A real life Madagascar story ended in tragedy when an escaped circus tiger was shot dead by a marksman in Paris after entering a train station, causing people to panic and flee.
"A tiger is on the loose, please vacate the station," came the announcement at a train station in the 15th arrondissement of Paris. The said tiger had escaped from a circus enclosure and was roaming around Paris streets before it decided to enter the station. Its activities caused "intense panic" in people of the city, which set them "running and screaming."
The description of the incident is very significant as it has been said that the tiger "threatened rail passengers" before policemen shot it dead and "neutralised all danger." Perhaps, the version of the story indeed depends on who is saying it. And since mankind is the one with the speaking voice, we often forget to think about the other side of the story.
As described by a witness, the "very big, fierce-looking animal" was the danger in that situation, surrounded by weak humans at his mercy. That is why it needed to be killed. However, a few minutes before, the very same animal had been in captivity at a circus, where these weak humans trained him and made him perform tricks to entertain other humans.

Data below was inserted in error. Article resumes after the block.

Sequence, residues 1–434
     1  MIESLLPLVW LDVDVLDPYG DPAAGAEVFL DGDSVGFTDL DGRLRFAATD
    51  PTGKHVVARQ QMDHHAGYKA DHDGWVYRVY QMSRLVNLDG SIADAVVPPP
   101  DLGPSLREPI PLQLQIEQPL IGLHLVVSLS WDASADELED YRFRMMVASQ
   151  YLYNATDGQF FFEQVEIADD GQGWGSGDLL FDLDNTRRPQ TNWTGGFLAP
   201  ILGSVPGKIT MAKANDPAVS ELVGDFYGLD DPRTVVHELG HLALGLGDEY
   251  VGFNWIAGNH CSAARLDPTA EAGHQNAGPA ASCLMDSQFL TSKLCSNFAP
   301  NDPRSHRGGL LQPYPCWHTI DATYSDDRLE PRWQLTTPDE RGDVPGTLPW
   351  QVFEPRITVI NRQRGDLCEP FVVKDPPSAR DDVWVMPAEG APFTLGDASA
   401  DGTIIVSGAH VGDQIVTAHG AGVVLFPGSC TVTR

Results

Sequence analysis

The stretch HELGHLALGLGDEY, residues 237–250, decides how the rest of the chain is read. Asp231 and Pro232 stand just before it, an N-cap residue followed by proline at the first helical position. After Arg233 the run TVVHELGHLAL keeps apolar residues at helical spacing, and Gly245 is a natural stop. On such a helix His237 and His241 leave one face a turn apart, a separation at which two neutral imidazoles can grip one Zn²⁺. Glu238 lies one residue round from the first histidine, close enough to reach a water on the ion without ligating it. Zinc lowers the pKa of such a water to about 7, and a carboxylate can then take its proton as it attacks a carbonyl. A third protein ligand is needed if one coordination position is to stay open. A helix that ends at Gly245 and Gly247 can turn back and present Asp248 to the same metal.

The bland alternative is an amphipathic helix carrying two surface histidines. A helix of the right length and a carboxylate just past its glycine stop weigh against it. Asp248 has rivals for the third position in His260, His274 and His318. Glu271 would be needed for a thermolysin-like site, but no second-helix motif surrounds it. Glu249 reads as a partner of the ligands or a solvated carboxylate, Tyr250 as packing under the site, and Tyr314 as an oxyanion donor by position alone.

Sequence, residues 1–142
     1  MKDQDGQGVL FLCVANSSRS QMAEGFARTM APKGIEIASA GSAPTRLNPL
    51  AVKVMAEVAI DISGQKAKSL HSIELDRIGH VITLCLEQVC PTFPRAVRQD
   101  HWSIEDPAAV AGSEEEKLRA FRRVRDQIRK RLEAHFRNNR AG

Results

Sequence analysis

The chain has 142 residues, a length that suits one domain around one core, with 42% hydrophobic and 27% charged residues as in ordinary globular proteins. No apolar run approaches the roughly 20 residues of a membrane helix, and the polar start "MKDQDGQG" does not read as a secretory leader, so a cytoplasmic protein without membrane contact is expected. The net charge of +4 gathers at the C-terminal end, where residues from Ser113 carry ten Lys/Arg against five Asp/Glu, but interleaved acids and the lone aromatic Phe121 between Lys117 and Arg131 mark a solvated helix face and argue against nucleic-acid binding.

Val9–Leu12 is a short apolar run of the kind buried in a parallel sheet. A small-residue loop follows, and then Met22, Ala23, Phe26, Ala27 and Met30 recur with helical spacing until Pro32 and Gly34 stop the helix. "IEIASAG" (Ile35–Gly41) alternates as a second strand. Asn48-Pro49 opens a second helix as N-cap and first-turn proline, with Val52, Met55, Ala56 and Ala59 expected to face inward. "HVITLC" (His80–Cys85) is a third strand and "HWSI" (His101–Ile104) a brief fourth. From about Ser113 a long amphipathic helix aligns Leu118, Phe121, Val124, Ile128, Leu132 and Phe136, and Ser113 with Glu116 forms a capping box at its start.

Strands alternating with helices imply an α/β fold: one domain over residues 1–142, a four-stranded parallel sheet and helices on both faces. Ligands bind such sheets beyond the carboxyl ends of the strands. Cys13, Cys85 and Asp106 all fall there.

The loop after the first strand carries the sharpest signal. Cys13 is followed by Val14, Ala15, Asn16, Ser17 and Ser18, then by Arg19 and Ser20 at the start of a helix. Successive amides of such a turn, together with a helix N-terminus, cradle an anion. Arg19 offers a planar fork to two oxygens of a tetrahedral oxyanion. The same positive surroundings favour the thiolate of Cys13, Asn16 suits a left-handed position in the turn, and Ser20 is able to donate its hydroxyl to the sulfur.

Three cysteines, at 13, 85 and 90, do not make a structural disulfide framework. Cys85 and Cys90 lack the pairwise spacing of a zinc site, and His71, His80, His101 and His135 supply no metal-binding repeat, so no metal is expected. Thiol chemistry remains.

Circus employees tried to recapture the tiger with a pole and meat but when the beast proved stubborn, they told the police to use live bullets, which have fatal projectiles at their tip. "There were fears that the tiger would hurt passengers around the Garigliano Bridge. That's where he was cornered and then shot dead," reported the Daily Mail.
The culmination of the tragedy was announced like this, "The incident on line T3a is over, and traffic has resumed." Further, a Paris police prefecture spokesman said, "The animal has been neutralised. All danger is gone."
It is unclear how the animal escaped from captivity.
According to PETA, several countries have already banned wild animal circuses, including Austria, Greece, Mexico, Netherlands, India and Singapore. The entertainment industry is also trying to educate people about this issue with movies like the Madagascar series, where Alex the lion escapes the zoo with his friends and finds his original home.
In May 2016, gorilla Harambe was shot to death by a worker at the Cincinnati Zoo and Botanical Garden after a three-year-old boy entered his enclosure. This gave rise to a worldwide debate on the killing. Unwaveringly, we tend to assign higher significance to human lives during every such encounter, without sparing a thought for these other species.
IUCN has categorised tigers as endangered, providing data that says only 3500 tigers were on the earth in 2014, compared to the seven billion human population. And yet, we think so little about the minority.
This incident and the one involving Harambe point out how little choice we have against killing innocent animals when they come into close proximity to humans. Perhaps it is time to reconsider our laws and ethics so that such "incidents" can be avoided in the future.